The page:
Most property buyers in Phuket are not aware that their rental income is subject to tax. Whether this is wilful ignorance or simply negligence doesn’t change the fact that the tax liability is real.
Whether you live in Thailand or overseas, any Thailand-sourced income you earn is taxable, and that includes rental income from Phuket real estate. But while the tax is based on the income tax bracket in which you fall, the permitted deductions mean it is actually not that punitive.
The rate of withholding tax does change depending on where you live, and it should be paid as and when your rental income is collected. If you are a tax resident of Thailand, 5% of any income paid to you by a “juristic person” must be withheld, whereas no withholding tax is payable on rent paid by an individual. If payment is made to individuals who are not tax residents of Thailand, a 15% withholding tax applies across the board. (Please Note: not only landlords are liable for withholding tax. The tenant is jointly liable, so any renters or lessees must be aware of this!)
If you own the property you may deduct a flat 30% for expenses and upkeep, but if there is a chance that your bills will run higher than this, deductions can itemised. (Be sure to save your receipts for everything related to the property!) Please note this deduction only applies to owners. If you have a leasehold villa, which you are renting out, you are not the owner. Technically speaking, you are only sub-letting it, and therefore not able to claim any such deduction.
While on the topic of villas, it is mind boggling how many people don’t know that living in a villa owned by a Thai company creates a separate income tax liability. A number of foreigners are directors of the company which owns their home. Unless they are paying rent to the company, that home becomes a perk of the job. Not only is the amount of fair market rent taxable as income to the individual, it is also taxable as rental income to the company. (This does not apply only to villas, but also to condos, bungalows or any property.)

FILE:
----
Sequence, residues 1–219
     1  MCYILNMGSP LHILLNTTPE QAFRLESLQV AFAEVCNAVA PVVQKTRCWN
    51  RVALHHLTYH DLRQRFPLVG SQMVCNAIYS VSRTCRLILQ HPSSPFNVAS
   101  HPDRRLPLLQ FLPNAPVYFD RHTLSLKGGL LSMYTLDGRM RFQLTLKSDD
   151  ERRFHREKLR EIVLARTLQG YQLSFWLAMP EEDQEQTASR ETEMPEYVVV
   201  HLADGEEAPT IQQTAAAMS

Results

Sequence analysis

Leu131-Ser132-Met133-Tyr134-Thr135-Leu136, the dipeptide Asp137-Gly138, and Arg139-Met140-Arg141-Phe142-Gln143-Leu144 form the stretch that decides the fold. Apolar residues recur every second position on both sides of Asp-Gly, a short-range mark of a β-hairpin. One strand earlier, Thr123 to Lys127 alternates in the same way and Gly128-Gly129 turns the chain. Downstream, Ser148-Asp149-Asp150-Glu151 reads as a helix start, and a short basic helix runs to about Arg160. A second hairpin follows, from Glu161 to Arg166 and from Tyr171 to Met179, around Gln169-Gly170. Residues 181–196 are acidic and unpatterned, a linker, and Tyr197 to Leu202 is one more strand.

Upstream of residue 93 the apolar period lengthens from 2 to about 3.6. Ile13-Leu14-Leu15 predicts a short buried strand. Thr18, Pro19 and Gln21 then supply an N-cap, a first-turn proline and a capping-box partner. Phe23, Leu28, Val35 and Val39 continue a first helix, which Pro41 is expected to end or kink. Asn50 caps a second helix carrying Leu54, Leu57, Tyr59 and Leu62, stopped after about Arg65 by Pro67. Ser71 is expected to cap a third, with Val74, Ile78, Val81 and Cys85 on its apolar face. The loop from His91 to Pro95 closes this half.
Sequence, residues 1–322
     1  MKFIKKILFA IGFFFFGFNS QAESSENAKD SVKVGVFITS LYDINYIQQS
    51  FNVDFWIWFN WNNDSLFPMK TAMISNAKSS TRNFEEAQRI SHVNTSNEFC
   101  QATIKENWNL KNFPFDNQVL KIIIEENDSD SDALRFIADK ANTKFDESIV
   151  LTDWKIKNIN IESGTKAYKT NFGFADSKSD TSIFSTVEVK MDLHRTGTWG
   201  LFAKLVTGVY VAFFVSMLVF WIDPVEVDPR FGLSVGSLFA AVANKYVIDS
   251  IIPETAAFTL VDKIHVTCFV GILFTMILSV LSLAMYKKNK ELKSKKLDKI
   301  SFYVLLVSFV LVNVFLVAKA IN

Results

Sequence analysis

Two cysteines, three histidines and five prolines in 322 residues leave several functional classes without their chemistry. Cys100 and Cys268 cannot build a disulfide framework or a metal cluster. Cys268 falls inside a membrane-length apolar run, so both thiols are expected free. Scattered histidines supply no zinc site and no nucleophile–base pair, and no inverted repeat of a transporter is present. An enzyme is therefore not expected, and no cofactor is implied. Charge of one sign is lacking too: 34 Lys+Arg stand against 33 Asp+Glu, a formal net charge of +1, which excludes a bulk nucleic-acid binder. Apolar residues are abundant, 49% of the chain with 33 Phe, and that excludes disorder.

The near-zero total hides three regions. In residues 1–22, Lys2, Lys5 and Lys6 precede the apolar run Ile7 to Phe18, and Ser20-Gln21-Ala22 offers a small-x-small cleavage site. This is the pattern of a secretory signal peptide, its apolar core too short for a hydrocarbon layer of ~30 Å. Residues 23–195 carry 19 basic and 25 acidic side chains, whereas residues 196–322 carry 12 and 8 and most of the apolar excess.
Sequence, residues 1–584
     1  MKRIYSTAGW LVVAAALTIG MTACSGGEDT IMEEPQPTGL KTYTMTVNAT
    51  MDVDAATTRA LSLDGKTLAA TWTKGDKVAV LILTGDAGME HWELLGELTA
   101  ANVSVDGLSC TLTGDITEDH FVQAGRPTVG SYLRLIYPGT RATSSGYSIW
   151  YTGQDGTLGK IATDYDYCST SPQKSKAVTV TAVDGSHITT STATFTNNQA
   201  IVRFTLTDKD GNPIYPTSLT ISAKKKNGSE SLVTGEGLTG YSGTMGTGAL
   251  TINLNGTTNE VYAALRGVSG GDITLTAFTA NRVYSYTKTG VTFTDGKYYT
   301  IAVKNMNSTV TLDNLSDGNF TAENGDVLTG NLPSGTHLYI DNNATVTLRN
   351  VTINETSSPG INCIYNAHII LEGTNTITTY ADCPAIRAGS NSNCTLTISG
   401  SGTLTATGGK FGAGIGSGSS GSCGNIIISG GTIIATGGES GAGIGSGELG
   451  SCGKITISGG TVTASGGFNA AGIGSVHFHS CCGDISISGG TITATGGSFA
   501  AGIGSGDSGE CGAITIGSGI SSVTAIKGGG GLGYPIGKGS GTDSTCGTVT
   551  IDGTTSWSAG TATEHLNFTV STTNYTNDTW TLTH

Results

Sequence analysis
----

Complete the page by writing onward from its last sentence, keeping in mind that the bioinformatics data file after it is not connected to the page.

As in any country, failure to pay your tax also brings penalties. And ignoring the tax on your rental income is not just a fine of a few baht, but can actually be equal to the unpaid tax bill itself. This means you owe the tax AND the fine, which basically doubles your tax bill. On top of that, there is a surcharge of 1.5% per month for the period the tax remains unpaid.
Now that you’ve been sufficiently scared into action, how do you actually go about paying the tax?
You must file your taxes each year before the end of March (e.g. 31st March 2020 for income earned in calendar year 2019).
Most people don’t enjoy doing their income taxes, so they seek out an experienced accountant.
If you are not intimidated by tax forms and want to try it yourself, there is an English language website from The Revenue Department, complete with guidelines and downloadable forms. Click here.
Phuket also has four Revenue Department offices: two in Phuket Town (which includes the main office for Phuket Province), plus one in both Kathu and Thalang. For contact numbers for each office, click here.
Of course the big question on everyone’s mind is this: how much tax do I really need to pay? Albert Einstein once said of income tax that it was the hardest thing in the world to understand. Thankfully, you don’t need to hire a theoretical physicist to figure out how much tax you owe on your Thai rental income.
Assuming your Phuket condo brings in an income of US$ 1,500 per month (US$ 18,000 per year), after deductions your tax bill would come to only about 3%. On a larger property such as a villa, assuming income of $144,000 per year (US$ 12,000 per month), your tax bill would still come in under 16%.
Is conning the tax man really worth it for a bill that could be under $1,000 per year?